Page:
friend of mine who is left on the spectrum spent yesterday with her father and his wife. Her father to her memory has only ever voted National or Act. Yesterday they both talked effusively about voting Labour. This kind of anecdote doesnt bode well for Nats. However this couple are in Hawkes Bay so maybe voting Nash? Which is like voting National 

    My father, a National voter since his second election with a couple of daliances with Act remains staunchly National and believes Joyces hole.

  29. Thinkerr 30

    I’ve watched Judith Collins in the past 12 months or so. She’s playing by the book, and has never been on the media’s radar screen when troubles about. My money’s on the Crusher as the Matriarch of the next National, seemingly in its wilderness period. That means a male deputy, which in my guess is going to be Bridges, as the kind of character National would want to take to a winnable election as leader. English took them to the depths of despair in 02, and they had a winning formula by 08, so they might imagine doing it again with Bridges and a cheeky grin as with the transition from Brash to Key.

    Lets assume that the polls are accurately forecasting the outcome, though, and we get a Left government this year.

    This election appears to be the one I’ve been waiting for, or I hope so. For the first time there seems to be growing media recognition that neoliberalism is not what it was said to be and if the left win, I think there’ll be a post-election media opinion that it was the humanity factor that made the difference. That should mean that National will need to move away from the messages of the past (low-inflation-at-all-costs, tax-cuts paid for by benefit cuts, etc) before it can come back.

    Granted, there’s a lot of ifs and maybes in all that, but if its on the right track, its going to be the hardest thing to go back to the kind of conservative politics of the likes of Holyoake & Marshall.

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    1 week ago
  • Saudi cover-up a perversion of democracy
    The Government has been exposed as dishonest after it was revealed that  they were wrong to claim they paid out $11 million dollars to a Saudi businessmen after legal advice, says Labour’s Foreign Affairs spokesperson David Parker.  “OIAs revealed on ...
    1 week ago
  • Labour supporting Te Reo Māori in schools
    Labour will support a future where New Zealanders from every background will have the ability to use Te Reo Māori in everyday conversations, says Labour’s Deputy Leader and Māori Development spokesperson Kelvin Davis. “Labour will commit to a target that ...
    1 week ago
  • Is National planning a secret fuel tax?
    Sources suggest National is considering a secret fuel tax to fund its controversial Roads of National Significance (RONS) programme, says Labour’s Transport spokesperson Michael Wood. “While the Government keeps up its stream of lies about Labour’s tax policy, sources indicate ...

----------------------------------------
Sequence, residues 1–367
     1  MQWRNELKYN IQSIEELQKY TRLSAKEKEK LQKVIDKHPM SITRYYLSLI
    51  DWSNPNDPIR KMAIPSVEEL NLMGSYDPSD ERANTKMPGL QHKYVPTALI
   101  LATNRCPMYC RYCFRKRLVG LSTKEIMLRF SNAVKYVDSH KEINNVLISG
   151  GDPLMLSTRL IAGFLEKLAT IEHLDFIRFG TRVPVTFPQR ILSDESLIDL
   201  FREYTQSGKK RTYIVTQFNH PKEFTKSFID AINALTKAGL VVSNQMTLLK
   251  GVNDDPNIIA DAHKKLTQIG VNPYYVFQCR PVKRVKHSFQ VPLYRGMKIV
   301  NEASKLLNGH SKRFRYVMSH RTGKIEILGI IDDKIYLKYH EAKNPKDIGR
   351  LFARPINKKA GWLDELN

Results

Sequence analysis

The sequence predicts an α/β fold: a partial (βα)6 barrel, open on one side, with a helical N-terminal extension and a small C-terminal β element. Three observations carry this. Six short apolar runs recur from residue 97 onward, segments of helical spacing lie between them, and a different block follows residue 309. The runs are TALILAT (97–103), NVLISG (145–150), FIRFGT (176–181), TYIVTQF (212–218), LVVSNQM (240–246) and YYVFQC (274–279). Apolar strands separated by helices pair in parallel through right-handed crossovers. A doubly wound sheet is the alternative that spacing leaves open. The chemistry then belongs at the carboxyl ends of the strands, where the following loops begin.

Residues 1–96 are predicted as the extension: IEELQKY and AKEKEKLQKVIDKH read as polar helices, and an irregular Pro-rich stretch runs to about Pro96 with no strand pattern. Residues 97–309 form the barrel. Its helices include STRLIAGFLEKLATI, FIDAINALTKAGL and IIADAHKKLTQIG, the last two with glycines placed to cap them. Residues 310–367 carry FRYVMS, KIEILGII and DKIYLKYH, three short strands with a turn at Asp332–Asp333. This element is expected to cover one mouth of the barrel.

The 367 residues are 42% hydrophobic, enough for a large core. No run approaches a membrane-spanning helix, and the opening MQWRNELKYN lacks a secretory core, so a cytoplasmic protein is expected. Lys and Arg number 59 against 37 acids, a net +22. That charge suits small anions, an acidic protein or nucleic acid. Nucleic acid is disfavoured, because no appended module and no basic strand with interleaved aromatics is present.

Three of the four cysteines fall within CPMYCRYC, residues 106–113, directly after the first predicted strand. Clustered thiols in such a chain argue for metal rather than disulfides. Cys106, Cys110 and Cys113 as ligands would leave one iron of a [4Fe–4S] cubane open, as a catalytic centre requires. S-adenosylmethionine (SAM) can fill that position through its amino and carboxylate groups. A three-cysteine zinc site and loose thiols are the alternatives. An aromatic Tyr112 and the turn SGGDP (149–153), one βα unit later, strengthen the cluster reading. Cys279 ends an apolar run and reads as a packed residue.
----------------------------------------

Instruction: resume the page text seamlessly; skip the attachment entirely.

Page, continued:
2 weeks ago
  • Labour’s plan for West Coast prosperity
    Labour’s regional development plan for the West Coast will build on its strengths in engineering and tourism, while delivering a much-needed upgrade to the Buller Hospital, says Labour Leader Jacinda Ardern.  “Labour’s vision is for a thriving regional New Zealand, ...
    2 weeks ago
  • Labour committed to fair and progressive tax system
    Labour is committed to a tax system where everyone pays their fair share and where we start to address the imbalances that have fuelled the housing crisis, says Labour’s Finance spokesperson Grant Robertson and Labour’s Revenue spokesperson Michael Wood. "Today ...
    2 weeks ago
  • A challenge to Bill English
    ...
    2 weeks ago
  • Flavell’s fake news an insult to Māori voters
    A desperate Te Ururoa Flavell has resorted to fake news about Labour’s position on his unpopular Ture Whenua reforms, says Labour’s Ikaroa-Rawhiti MP Meka Whaitiri. ...
    2 weeks ago
  • National’s tax cuts reckless and irresponsible
    It is time for Bill English and Steven Joyce to stop the scaremongering and lies, and front up to New Zealanders about the impact of their tax cuts, Labour’s Finance spokesperson Grant Robertson says. “Bill English has no credibility on ...
    2 weeks ago
  • Calculator shows Labour’s Families Package delivers
    Labour has launched a new online calculator that show how much extra families with kids will get from Labour’s Families Package, says Leader of the Opposition Jacinda Ardern. “Families can go to www.labour.org.nz/calculator and see how much better off they ...
    2 weeks ago
  • Strengthening New Zealand’s identity through Labour’s media and film policy
    Labour has today launched its media and film policy aimed at strengthening New Zealand’s identity and providing sustainability for the industry, says Leader of the Opposition Jacinda Ardern. ...
    2 weeks ago
  • Labour to invest in parents and babies
    Labour will fund an additional 100 Plunket and Tamariki Ora nurses to increase the help available for vulnerable parents and babies, says Leader of the Opposition Jacinda Ardern. “It’s so important that our children get the best start in life. ...
    2 weeks ago
  • Labour to build affordable homes and state houses in Hawke’s Bay